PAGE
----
Cognitive impairment severity rating was derived according to MMSE scores [24]. The following cut-off points were used for classification of the participants: normal cognitive function and MCI = 30-25, mild probable AD (MMSE = 24–20), moderate probable AD (MMSE 19–10). Similar criteria for subdividing AD patients was used in previous studies [18,25].

The patients with probable AD and participants with MCI were recruited through an outpatient dementia clinic based at the Iranmehr Hospital in Tehran. The HOA participants were recruited in response to an advertisement which offered a free neuropsychological assessment for individuals aged between 60 to 80.

The ethics committee of Beheshti School of Medical Science approved the study. All participants were informed about the aims of the study and were given a chance to ask questions. Participants were then consented to take part in the study. If some patients (for example, some of the Moderate AD patients) were unable to give consent, the next of kin/caregivers consented on behalf of the patients.

Stimuli and procedure

In addition to MMSE, all participants were tested on comorbid depression and anxiety using the Persian version of the Beck’s Depression Inventory and Beck’s Anxiety Inventory. Furthermore, to verify if the patients had any language related deficits that could affect their performances at the FE tasks especially the recognition task participants also completed the verbal fluency part of the Persian version of MoCA test [26-28].

Processing of facial expression of emotions was assessed using three subtests of the Florida Affect Battery (FAB) including facial emotion recognition, facial emotion matching and facial emotion selection [29]. FAB test has been shown to be sensitive in detecting the impairments of FE recognition in patients with neurodegenerative disorders [5]. For the facial expression of emotions tasks, we included 10 repetitions for each of target emotions including happiness, fear, anger, sadness and neutral. This design was the same as what Rosen and colleagues used (2004) except that we additionally used the declarative knowledge on emotions to evaluate whether or not the AD patients could relate the knowledge about the emotional situation to the corresponding facial expression of emotions. Facial identity discrimination was used as a control task. All of the tests and questionnaires were conducted in pen and paper (card) format.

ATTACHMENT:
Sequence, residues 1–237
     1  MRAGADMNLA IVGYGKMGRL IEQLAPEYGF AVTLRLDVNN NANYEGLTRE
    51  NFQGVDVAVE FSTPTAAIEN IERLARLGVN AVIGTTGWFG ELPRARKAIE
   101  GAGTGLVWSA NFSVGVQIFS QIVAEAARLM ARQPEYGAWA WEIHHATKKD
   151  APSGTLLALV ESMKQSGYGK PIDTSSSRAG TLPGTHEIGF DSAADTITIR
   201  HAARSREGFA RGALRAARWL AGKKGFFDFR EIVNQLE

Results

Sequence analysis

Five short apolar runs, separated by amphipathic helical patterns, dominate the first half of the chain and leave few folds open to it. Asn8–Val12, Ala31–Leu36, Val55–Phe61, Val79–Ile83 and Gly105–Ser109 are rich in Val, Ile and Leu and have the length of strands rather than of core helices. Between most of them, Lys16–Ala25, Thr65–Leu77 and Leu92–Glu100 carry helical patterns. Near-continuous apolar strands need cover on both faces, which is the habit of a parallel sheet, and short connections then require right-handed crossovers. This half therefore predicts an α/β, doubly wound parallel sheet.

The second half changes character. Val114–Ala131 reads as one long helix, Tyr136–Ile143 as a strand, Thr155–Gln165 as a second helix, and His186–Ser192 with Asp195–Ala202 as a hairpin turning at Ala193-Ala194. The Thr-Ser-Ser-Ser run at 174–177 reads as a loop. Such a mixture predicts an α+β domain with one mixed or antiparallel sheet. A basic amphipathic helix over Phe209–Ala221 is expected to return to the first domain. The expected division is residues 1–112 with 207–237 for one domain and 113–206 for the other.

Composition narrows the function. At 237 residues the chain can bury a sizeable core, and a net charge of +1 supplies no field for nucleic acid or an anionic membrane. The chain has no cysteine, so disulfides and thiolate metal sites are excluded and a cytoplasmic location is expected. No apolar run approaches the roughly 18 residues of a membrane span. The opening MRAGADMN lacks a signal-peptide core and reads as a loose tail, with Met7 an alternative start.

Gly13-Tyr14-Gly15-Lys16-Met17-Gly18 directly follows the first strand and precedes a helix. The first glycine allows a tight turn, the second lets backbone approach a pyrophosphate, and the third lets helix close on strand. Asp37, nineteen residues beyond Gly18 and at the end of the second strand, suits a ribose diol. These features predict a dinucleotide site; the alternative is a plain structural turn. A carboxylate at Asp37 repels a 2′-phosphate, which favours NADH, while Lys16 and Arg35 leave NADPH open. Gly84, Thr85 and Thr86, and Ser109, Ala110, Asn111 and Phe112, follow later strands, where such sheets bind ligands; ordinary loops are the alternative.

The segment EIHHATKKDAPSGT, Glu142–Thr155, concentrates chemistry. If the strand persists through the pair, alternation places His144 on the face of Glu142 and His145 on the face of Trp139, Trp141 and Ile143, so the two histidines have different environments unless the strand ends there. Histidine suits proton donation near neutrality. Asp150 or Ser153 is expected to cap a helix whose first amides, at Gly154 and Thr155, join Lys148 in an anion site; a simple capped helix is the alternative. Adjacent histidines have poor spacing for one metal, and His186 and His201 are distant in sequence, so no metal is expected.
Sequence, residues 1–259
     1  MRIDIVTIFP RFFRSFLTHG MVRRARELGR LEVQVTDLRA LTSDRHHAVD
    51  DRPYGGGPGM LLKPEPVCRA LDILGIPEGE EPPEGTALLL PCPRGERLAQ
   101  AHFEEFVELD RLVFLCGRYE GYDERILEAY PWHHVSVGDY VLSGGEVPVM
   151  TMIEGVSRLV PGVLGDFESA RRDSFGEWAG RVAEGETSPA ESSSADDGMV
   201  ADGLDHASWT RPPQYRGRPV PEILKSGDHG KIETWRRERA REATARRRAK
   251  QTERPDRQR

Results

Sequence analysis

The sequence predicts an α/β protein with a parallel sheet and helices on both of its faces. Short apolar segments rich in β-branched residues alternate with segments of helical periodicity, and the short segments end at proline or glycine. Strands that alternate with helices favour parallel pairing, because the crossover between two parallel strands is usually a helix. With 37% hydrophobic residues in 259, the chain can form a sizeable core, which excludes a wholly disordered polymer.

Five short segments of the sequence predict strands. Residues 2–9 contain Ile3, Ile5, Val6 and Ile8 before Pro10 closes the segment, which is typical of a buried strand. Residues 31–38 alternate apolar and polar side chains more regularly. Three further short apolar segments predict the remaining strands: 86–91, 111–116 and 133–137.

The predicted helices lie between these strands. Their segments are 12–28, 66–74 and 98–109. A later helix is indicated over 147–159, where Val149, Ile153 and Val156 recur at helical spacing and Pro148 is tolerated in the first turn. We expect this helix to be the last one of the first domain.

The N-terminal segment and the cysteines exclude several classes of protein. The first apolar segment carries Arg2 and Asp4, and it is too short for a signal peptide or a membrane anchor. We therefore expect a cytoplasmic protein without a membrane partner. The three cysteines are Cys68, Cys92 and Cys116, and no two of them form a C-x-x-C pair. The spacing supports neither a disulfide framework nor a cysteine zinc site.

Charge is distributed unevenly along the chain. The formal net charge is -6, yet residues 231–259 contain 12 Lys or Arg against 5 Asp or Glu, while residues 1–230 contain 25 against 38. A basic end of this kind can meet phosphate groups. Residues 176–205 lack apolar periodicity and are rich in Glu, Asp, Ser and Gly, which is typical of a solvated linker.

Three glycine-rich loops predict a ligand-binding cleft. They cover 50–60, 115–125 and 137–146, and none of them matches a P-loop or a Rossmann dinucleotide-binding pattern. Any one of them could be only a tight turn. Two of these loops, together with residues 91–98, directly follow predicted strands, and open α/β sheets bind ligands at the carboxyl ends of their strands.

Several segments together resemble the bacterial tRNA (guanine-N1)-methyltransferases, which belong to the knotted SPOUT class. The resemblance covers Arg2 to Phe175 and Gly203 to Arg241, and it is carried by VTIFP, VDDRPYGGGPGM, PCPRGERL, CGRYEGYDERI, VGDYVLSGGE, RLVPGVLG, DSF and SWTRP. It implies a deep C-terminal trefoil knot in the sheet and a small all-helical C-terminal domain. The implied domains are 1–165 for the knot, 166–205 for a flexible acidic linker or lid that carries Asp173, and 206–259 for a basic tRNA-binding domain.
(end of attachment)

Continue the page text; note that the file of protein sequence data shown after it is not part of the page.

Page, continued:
FAB subtests

Three FAB subtests were used. The methodology is the same as described in Rosen et al. (2004). However, there were two main differences compared with the method that Rosen et al. (2004) used:  1-In our study, we used 10 trials per emotion 2- for the recognition task instead of collecting free response from the participants for each trial participants were given five options to choose.

Facial emotion recognition

This task measured the recognition of facial emotional expressions. During each trial, participants were presented with a single photograph of a face depicting a specific emotion. For this task, instead of asking the participants to simply identify the emotion on each trial we asked them to choose their response from one of the five options they were given. For emotion recognition task different options were provided for each trial.